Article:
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ERIC Number: ED517342
Record Type: Non-Journal
Publication Date: 2010
Pages: 89
Abstractor: As Provided
Reference Count: N/A
ISBN: ISBN-978-1-1097-4857-4
ISSN: N/A
The Impact of Professional Development on High School Teachers' Attitudes about Students with Special Education Needs, Collaboration, and Instructional Efficacy
Sims, Kimberly
ProQuest LLC, Ed.D. Dissertation, Arizona State University
The federal mandates set forth by the Individual with Disabilities Education Improvement Act (IDEIA) and No Child Left Behind (NCLB) require an increase in inclusive education for students with special education needs in the least restrictive environment. This type of environment can be in a 'co-taught' classroom. Co-teaching is defined as an instructional delivery approach in which a regular and a special education teacher share responsibility for teaching some or all of the students assigned to a general education classroom. Given these mandates and the best way to meet students' needs, an action research study with a mixed-methods structure to collect data was used. The purpose is to investigate if professional development provided on co-teaching would help the teachers at a High School in the suburbs of Phoenix, Arizona, understand co-teaching. This was provided because co-teaching is an instructional practice used to comply with the federal mandates. Over sixteen weeks, three co-teaching teams were provided on-site professional development, resources, and support. Data were collected through the use of both quantitative (survey and checklist) and qualitative (open-ended survey questions, teacher journals, classroom observations/field notes, focus group interviews, and a member check questionnaire) measures. Quantitative analyses indicated that after trainings the participants' view on co-teaching improved in curriculum goals and modifications, interpersonal communication, and assessment. However, trainings did little to change ideas about inclusive practices. Data sources indicated participants felt inclusion caused too many students with special education needs to be in one classroom, and that teachers did not have enough training and/or say in the process. Qualitative analysis revealed the supportive co-teaching approach was used most often, but there was limited time and opportunities for collaboration, planning and decision making among the teams. My work shows that the training, resources, and support that were provided helped the teachers at this site raise their efficacy towards co-teaching. It also reveals participants' desire for additional professional development on co-teaching in order for them to continue to improve their co-teaching practice and best meet the needs of students with special education needs in the least restrictive environment. [The dissertation citations contained here are published with the permission of ProQuest LLC. Further reproduction is prohibited without permission. Copies of dissertations may be obtained by Telephone (800) 1-800-521-0600. Web page: http://www.proquest.com/en-US/products/dissertations/individuals.shtml.]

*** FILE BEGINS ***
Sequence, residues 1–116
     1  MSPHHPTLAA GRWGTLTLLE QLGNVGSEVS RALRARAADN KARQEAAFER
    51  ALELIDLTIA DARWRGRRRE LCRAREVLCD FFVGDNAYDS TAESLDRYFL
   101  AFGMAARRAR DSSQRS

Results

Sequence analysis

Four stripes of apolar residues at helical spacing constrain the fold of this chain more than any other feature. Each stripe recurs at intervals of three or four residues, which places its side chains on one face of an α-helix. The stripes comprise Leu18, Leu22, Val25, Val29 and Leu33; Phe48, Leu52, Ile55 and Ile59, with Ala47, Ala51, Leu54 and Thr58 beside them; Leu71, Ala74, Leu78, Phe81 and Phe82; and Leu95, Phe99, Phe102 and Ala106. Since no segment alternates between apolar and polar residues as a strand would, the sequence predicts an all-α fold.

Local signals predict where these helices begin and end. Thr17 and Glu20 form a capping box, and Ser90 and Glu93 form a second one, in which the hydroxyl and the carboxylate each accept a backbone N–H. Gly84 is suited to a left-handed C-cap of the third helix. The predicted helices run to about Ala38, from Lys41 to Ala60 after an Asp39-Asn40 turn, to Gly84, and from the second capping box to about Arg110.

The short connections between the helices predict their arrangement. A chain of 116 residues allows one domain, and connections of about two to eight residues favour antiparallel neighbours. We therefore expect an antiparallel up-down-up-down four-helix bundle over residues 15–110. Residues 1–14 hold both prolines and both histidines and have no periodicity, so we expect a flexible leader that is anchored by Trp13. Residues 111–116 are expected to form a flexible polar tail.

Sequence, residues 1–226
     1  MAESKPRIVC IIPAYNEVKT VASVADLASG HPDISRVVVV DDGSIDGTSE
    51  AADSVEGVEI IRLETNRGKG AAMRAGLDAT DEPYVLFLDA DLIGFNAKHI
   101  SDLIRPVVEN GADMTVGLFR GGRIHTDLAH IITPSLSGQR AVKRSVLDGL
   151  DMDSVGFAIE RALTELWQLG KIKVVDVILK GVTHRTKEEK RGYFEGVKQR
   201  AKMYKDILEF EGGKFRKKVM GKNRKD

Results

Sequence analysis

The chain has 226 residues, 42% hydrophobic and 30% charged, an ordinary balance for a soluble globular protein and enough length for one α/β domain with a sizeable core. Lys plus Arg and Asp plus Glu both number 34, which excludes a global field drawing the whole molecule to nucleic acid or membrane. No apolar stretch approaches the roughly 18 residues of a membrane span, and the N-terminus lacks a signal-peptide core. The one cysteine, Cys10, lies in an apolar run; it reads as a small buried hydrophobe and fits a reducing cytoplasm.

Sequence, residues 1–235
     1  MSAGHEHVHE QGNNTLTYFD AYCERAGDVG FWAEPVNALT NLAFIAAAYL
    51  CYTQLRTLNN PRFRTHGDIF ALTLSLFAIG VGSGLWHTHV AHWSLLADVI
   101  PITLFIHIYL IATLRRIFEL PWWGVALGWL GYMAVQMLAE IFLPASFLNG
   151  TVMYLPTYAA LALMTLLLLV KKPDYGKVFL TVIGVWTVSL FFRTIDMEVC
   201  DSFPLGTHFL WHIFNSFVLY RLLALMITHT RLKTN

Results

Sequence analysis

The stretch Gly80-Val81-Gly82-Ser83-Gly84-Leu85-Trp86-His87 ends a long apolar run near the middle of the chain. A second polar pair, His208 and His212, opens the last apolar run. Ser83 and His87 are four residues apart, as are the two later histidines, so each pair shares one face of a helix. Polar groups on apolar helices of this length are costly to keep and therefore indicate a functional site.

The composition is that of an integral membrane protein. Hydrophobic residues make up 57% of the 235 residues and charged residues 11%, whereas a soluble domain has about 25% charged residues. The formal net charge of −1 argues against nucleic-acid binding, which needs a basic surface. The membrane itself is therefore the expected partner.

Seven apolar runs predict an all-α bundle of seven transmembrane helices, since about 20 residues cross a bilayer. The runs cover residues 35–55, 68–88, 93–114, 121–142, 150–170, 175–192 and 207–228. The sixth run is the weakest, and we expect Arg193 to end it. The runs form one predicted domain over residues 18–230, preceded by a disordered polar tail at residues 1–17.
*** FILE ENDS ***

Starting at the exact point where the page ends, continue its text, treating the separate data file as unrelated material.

ProQuest LLC. 789 East Eisenhower Parkway, P.O. Box 1346, Ann Arbor, MI 48106. Tel: 800-521-0600; Web site: http://www.proquest.com/en-US/products/dissertations/individuals.shtml
Publication Type: Dissertations/Theses - Doctoral Dissertations
Education Level: High Schools
Audience: N/A
Language: English
Sponsor: N/A
Authoring Institution: N/A
Identifiers - Location: Arizona
Identifiers - Laws, Policies, & Programs: Individuals with Disabilities Education Improvement Act 2004; No Child Left Behind Act 2001